Many non-BUI related clean-up programs and projects
Lack of clarity on needs for BUI delisting
FISH AND WILDLIFE POPULATIONS
The health of the Harbour’s fish and wildlife populations continues to vary dramatically from species to species. Success in re-introducing walleye, a top native predator, is countered by a nearshore fish community dominated by non-native and pollution-tolerant species. Colonial bird communities are doing relatively well, but poor water quality threatens native fish population recovery. We anticipate more positive developments as we continue to improve water quality, invest in species re-introduction efforts, control invasive species and restore additional habitat.
Do things actually live there?
RESTORE FISH POPULATIONS
Walleye stocking continues; studies planned to determine natural reproduction
Water quality improvements expected from upgrades at Woodward (under construction) and Dundas (planning stage) water treatment plants
Nearshore fish community remains impaired, dominated by non-native and pollution-tolerant species
Abundance of many native species is declining
Index of biotic integrity (IBI) is less than what’s required and hasn’t improved in many years
Threats include poor water quality, increasing diversity and abundance of non-native/invasive species, development in the watershed, and habitat degradation
RESTORE WILDLIFE POPULATIONS
Colonial bird community doing relatively well
Bald Eagles returned to nest and breed in the forest adjacent Cootes Paradise marsh
Some mammal species doing well (although not a BUI target)
Do we have the research and monitoring necessary to gauge progress towards BUI targets?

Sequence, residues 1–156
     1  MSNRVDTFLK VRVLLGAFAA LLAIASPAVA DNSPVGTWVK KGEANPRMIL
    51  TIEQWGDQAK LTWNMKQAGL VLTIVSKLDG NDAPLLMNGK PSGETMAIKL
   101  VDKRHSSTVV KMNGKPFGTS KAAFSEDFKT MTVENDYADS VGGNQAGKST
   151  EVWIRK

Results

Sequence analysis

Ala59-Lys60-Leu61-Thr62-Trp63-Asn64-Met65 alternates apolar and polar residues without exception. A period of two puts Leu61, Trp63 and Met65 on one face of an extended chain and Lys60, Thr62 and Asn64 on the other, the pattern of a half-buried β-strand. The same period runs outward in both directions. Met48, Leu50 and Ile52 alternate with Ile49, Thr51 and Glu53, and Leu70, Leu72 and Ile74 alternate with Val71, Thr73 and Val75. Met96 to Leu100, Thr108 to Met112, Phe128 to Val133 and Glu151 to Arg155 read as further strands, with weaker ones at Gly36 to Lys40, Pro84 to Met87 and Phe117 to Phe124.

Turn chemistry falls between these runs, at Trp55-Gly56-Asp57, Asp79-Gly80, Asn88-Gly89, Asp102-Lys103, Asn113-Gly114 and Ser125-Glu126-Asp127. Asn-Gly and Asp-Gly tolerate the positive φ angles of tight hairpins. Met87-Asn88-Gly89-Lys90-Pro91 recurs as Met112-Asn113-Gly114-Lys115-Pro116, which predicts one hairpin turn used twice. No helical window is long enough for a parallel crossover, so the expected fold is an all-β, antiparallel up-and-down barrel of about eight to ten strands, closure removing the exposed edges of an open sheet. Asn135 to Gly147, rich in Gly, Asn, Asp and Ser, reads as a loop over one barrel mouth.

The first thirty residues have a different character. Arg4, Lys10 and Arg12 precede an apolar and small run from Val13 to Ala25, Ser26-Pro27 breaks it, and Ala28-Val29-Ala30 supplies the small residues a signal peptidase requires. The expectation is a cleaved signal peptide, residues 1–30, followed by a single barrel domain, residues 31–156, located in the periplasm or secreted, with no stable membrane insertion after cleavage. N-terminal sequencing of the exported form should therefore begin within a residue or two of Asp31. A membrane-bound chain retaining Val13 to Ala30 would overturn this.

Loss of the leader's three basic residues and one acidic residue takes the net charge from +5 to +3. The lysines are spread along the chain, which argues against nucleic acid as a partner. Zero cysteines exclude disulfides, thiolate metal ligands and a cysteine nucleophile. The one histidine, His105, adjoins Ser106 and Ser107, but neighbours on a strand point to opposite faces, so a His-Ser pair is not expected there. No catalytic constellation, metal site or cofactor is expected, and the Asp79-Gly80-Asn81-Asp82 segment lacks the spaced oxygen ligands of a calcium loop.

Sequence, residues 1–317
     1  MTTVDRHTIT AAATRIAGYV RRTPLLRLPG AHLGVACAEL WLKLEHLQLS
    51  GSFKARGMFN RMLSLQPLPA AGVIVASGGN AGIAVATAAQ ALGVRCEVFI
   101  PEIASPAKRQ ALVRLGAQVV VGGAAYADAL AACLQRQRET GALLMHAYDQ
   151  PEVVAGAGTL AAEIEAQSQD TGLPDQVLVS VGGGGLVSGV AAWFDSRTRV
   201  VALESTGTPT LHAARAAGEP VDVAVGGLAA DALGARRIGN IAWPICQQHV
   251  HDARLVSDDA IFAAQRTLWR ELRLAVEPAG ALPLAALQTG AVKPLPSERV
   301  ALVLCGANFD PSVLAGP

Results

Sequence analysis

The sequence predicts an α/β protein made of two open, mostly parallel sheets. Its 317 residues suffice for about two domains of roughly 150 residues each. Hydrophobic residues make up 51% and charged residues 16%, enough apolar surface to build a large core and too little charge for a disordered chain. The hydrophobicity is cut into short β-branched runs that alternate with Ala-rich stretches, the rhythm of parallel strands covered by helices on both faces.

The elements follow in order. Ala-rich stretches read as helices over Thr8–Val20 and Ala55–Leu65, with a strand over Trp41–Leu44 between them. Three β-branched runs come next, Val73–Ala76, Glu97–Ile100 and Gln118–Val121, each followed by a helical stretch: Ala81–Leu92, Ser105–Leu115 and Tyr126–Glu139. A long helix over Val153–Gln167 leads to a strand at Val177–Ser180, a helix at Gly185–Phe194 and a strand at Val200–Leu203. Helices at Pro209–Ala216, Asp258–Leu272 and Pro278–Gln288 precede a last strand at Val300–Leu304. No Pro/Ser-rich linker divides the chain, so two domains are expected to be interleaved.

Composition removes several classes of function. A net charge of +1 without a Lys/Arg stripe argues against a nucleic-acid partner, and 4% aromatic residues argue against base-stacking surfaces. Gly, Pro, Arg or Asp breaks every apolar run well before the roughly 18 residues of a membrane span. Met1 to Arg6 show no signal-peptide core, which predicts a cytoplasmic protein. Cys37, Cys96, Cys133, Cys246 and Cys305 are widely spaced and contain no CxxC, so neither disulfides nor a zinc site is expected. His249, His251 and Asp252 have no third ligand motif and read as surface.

TOXIC CONTAMINANTS AND SEDIMENT
The construction of the Randle Reef containment facility is the single most
significant step forward in containing toxic sediment in the Harbour. It is not, however,
the only step. There are still areas beyond Randle Reef that are contaminated,
but there is progress being made on other known sediment sources and deposits.
Importantly, the contamination of fish and wildlife is slowly declining overall, and
continuing clean up will lead to further reductions in exposure to and the effects of
Are those things contaminated?
CLEAN UP CONTAMINATED SEDIMENT IN THE HARBOUR
Randle Reef – completion of the Environmental Containment Facility; anticipation of dredging and capping
Dofasco boat slip – selection of management options and environmental assessment process
Windermere Arm – characterization of sources of contaminated sediment... long time coming!
Strathearne Slip – characterization of sources of contaminated sediment... long time coming! This one in particular is the last known active source of PCBs